These titles constitute two of the three titles in Enslow’s Dark Graphic Novels series (the third being Frankenstein by Mary Shelley, which I have not seen). Suitably attired in a dark cover, both titles contain adaptations of short stories originally crafted by masters of the horror genre. Both volumes were originally published in Spanish and have been recently translated for the English reading market. Playwright and theater director Denise Despeyroux and illustrator Miquel Serratosa adapt three tales: “The Gold Bug,” “The System of Doctor Tarr and Professor Fether,” and “The Fall of Usher” in Dark Graphic Tales by Edgar Allan Poe. Displayed in sombre tones, the settings in the first and third tale are moody and atmospheric with caricature-style characters that are exaggerated, cartoony, and at odds with the more realistic backgrounds. The middle tale becomes infused with colour as the story becomes more and more of a farce, signalling to the reader that all may not be what it seems. The adaptations are steadfast with the originals, told with a plethora of black narration boxes, white square dialogue balloons, and effective panel layouts. There is nothing really terrifying in any of the stories for readers, although thinking about the tales afterwards may offer rewards of another kind! A brief list of recommended readings and websites finishes the book.

One of Poe’s stories, “The Black Cat,” makes an appearance in the second volume of tales, Chilling Tales of Horror, bringing the anthology of seven stories to a close. As in the previous volume, the book was originally published in Spanish. Unlike that volume, the author and illustrator of these tales are done by one person, Pedro Rodríguez. Each of the tales begins with a brief sardonic introduction to the authors of the original tales, which include “The Hand” by Guy de Maupassant; “Sir Dominick’s Bargain” by Joseph Sheridan Le Fanu; “The House of Nightmare” by Edward Lucas White; “The Vampire” by John William Polidori; “House B on Camden Hill” by Catherine Crowe; “The Body Snatcher” by Robert Louis Stevenson; and, previously mentioned, “The Black Cat” by Edgar Allan Poe. In this volume the narration boxes and the dialogue balloons are both white with the latter being of a more traditional shape. The text, while adapted for the comic book format, has not been updated, retaining the charm and authenticity of the originals. Some of the authors may be more familiar to contemporary readers than others, but all use a wider palate of colour than the previous volume (and all pages are enclosed by an attractive framing device). While the characters are illustrated in a cartoony-style, they are not as jarring, to this reviewer at least, as the characters done by Serratosa. A brief list of print and web resources completes the collection.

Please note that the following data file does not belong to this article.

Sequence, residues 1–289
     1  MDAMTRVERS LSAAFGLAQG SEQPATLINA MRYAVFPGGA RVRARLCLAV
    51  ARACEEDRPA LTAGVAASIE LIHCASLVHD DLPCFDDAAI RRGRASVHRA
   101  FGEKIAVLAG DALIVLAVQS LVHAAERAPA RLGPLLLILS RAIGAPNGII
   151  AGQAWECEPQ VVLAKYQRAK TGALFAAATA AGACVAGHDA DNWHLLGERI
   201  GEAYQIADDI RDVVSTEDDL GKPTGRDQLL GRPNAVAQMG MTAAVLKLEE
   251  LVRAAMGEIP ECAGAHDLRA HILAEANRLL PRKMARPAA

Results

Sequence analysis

As with the former volume, the stories are not sanitized as such, but are all suitable for the younger, intended reader. Suitably atmospheric and scary without being terrifying, both volumes are effective introductions to the short story format and the horror genre of an earlier era. The most contemporary of all the tales in both volumes would be Edward Lucas White’s “The House of Nightmare,” which is an introverted version of the traditional tale of the Vanishing Hitchhiker.

Dark Graphic Tales by Edgar Allan Poe
Author: Denise Despeyroux
Illustrator: Miquel Serratosa
ISBN: 97807666040861
Chilling Tales of Horror: Dark Graphic Short Stories
by Pedro Rodrigues
ISBN: 9780766040854
Enslow, 2013
Publisher Age Rating: 10+

  • Gail

    | She/Her Professor, Library and Information Studies, University of Alberta


    In addition to teaching at the School of Library and Information Studies (University of Alberta) where she is an adjunct professor, Gail tells stories and conducts workshops on a wide variety of topics across Canada and the United States. Each year she teaches the following courses for the University of Alberta. All of her courses are delivered online: Storytelling, Comic Books and Graphic Novels in School and Public Libraries, Canadian Children’s Literature for School and Public Libraries and Young Adult Literature. She also teaches a course on Indigenous Literature for the ATEP program (Aboriginal Teacher Education Program) at the University of Alberta. Gail is the award-winning author of nine books on storytelling and folklore in popular culture.

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